Belfast Telegraph

Frankie Boyle joke about IRA killing Tories causes outcry

Frankie Boyle has caused a stir over a joke on his show about the IRA
Frankie Boyle has caused a stir over a joke on his show about the IRA
Lord Tebbit was pulled out of the rubble after the 1984 Brighton bomb, which left his wife paralysed

By Staff Reporter

Tory peer Lord Tebbit has called on the BBC to ban comedian Frankie Boyle after a controversial joke about the IRA.

On his BBC Two programme last week the Scottish comedian said it might be a relief for Theresa May to resign after having spent a weekend at Chequers with leading Brexiteer Conservative politicians. "Where the f*** are the IRA when you need them?" he joked.

Lord Tebbit last night told the Belfast Telegraph: "The man should be banned from broadcasting on the BBC. What he said was highly offensive. IRA terrorist attacks are no laughing matter and the BBC shouldn't have him on television."

Lord Tebbit was pulled out of the rubble after the 1984 Brighton bomb, which left his wife paralysed.

Ulster Unionist MLA Doug Beattie said Mr Boyle's joke insulted victims and went "well beyond bad taste".

DUP MP Gregory Campbell described it as a "stupid, puerile pathetic so-called joke" and said broadcasting the material raised serious questions for the BBC.

He said it was important to remember that the IRA had tried to kill Prime Minister John Major and his Cabinet in a mortar attack on Downing Street in February 1991.

On Frankie Boyle's New World Order on BBC Two last week, the comic said: "Theresa May has offered to resign if she can get her deal through... it's probably a relief for her.

"I mean, she spent the weekend at Chequers with her worst enemies - like Boris Johnson, Jacob Reese Mogg, Michael Gove, Iain Duncan Smith, all in one place.

"Where the f*** are the IRA when you need them? All these groups that keep getting back together. What about the guys that would really help us?"

The BBC defended the programme. It said: "Frankie Boyle's New World Order was shown after 10pm on BBC Two and its content is within audience expectations for a post-watershed, topical, satirical programme from a comedian whose style and tone are well-established.

"Within the same programme Frankie clearly acknowledges the brutality of the IRA's activities."

Later in the programme the comedian referred to the security dangers that might follow a hard border.

He said it would a "horrible thing" to think that the Troubles might kick off again.

He added he couldn't imagine a British soldier wanting to stand in the rain waiting to get his legs blown off by "a local butcher".

The DUP questioned the BBC's decision to broadcast a "joke which wasn't funny" about the IRA killing politicians.

Mr Campbell said: "In 1991 the IRA tried to wipe out the cabinet in a mortar attack on Downing Street. Thankfully, they failed. Seven years earlier five people were killed in the Brighton bomb attack during the Conservative Party conference.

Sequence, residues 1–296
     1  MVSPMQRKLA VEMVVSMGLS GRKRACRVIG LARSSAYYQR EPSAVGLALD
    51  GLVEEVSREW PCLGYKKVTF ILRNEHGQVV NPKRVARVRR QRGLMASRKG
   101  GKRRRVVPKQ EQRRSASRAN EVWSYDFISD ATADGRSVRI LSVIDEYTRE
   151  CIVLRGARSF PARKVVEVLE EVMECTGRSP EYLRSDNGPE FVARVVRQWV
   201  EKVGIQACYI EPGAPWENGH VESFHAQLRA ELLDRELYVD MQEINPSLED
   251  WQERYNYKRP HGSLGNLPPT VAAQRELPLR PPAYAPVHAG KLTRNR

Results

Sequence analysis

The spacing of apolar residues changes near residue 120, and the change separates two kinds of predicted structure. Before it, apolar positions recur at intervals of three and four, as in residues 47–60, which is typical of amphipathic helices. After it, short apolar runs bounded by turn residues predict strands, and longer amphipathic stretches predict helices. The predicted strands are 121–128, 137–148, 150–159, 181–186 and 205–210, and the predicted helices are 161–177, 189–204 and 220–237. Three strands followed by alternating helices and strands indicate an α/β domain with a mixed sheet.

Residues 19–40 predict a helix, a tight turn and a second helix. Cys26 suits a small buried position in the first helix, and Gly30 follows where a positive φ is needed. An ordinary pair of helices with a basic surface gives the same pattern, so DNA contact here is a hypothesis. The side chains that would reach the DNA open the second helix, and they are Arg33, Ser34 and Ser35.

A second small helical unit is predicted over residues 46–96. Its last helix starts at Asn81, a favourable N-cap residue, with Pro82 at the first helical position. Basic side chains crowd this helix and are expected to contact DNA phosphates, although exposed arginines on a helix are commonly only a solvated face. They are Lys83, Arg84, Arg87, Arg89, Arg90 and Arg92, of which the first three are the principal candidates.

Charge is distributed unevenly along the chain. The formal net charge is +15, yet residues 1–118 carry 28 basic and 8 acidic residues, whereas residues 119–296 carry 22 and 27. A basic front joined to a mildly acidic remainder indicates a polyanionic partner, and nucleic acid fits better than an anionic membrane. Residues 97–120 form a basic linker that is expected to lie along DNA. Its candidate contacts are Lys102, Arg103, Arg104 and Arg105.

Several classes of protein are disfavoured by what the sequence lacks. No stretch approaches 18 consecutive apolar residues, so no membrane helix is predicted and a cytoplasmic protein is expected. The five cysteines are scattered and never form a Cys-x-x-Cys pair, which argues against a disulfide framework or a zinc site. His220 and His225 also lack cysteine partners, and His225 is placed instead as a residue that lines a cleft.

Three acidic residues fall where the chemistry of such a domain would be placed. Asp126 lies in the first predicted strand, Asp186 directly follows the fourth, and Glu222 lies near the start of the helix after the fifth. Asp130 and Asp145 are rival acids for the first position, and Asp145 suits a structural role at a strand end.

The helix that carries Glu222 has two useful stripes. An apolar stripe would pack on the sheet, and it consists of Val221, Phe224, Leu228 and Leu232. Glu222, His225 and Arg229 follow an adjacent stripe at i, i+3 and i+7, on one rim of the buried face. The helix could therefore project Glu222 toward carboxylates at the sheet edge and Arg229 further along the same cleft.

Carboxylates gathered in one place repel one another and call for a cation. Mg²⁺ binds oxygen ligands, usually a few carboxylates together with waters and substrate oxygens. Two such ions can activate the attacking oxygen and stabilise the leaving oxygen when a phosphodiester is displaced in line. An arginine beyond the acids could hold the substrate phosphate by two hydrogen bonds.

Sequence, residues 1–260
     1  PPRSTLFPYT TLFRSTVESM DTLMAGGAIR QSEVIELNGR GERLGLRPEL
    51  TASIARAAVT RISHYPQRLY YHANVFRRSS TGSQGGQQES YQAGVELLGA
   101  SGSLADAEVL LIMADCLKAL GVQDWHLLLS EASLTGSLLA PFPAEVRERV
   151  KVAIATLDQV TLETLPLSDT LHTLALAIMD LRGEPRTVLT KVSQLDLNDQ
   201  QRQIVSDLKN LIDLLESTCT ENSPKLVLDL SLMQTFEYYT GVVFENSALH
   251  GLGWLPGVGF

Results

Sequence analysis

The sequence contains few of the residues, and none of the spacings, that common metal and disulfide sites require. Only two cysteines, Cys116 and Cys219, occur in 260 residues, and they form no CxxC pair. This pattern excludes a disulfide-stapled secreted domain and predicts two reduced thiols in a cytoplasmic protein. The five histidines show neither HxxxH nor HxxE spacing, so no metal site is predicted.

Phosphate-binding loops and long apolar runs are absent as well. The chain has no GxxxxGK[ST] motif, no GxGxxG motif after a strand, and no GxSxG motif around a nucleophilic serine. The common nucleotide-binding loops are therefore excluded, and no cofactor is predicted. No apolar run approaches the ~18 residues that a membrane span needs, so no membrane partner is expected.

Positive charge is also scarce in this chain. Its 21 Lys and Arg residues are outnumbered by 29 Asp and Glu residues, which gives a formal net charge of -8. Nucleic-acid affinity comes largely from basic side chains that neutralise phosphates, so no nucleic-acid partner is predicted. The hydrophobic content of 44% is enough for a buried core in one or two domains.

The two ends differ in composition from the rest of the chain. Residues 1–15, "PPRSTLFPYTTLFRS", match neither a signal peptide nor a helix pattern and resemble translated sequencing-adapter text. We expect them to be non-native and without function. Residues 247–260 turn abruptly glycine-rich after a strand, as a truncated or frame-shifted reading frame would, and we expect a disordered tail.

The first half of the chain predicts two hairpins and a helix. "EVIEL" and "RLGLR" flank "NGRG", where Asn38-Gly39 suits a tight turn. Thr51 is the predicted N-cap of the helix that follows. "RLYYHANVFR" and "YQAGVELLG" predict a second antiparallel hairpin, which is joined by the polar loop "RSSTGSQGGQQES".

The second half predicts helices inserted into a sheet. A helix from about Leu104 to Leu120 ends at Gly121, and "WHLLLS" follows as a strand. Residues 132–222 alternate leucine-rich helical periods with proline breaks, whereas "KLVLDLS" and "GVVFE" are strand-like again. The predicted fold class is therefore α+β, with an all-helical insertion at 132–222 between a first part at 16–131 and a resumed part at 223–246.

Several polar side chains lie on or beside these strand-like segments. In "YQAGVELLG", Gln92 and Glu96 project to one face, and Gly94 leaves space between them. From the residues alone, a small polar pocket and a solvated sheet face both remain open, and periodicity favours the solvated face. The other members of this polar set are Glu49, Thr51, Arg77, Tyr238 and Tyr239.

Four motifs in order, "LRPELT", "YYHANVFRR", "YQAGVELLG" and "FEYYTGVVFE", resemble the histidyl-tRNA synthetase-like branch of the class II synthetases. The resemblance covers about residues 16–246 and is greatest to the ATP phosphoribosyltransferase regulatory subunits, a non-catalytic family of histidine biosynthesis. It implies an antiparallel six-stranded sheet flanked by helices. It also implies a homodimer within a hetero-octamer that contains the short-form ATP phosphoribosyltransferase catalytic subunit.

"Given the IRA's record of murdering and maiming politicians, Frankie Boyle's words are deeply insensitive. This is not humour. It raises serious questions that the BBC broadcast such distasteful material."

Me Beattie said: "If killing politicians is funny, perhaps Boyle's next joke will seek to find humour in the brutal murder of Jo Cox?

"Or if terrorist murders in general are a source of mirth, will he seek to mock the innocent people murdered by a terrorist fanatic in the two mosques in New Zealand the other week?

"Perhaps he thinks the IRA's murder of two young boys in Warrington in 1993 is a source of humour."

He insisted the joke went "well beyond bad taste".

He added: "It reflects a time when the IRA murdered political representatives in an attempt to press their will through force on others.

"That is called fascism. In making light of it, Boyle belittles the IRA's murders and steps beyond the satirical comedy used during the Troubles that never attacked victims.

"Humour has always been part and parcel of how we have dealt with our troubled past.

"We have laughed at ourselves during some of the worst atrocities imaginable, but in doing so we never allowed that humour to focus on the victims.

"Frankie Boyle's attempt at humour missed the mark spectacularly.

"Personally, I have more respect for the memory of people like Airey Neave, Robert Bradford, Sir Norman Stronge, Sir Anthony Berry, Ian Gow and Edgar Graham, just some of the politicians who were murdered by Irish republican terrorists."

Four years ago there were calls for Feile an Phobail to drop Mr Boyle over jokes he made about children with Down's syndrome.

The organisers refused to do so, leading to protests outside their offices.

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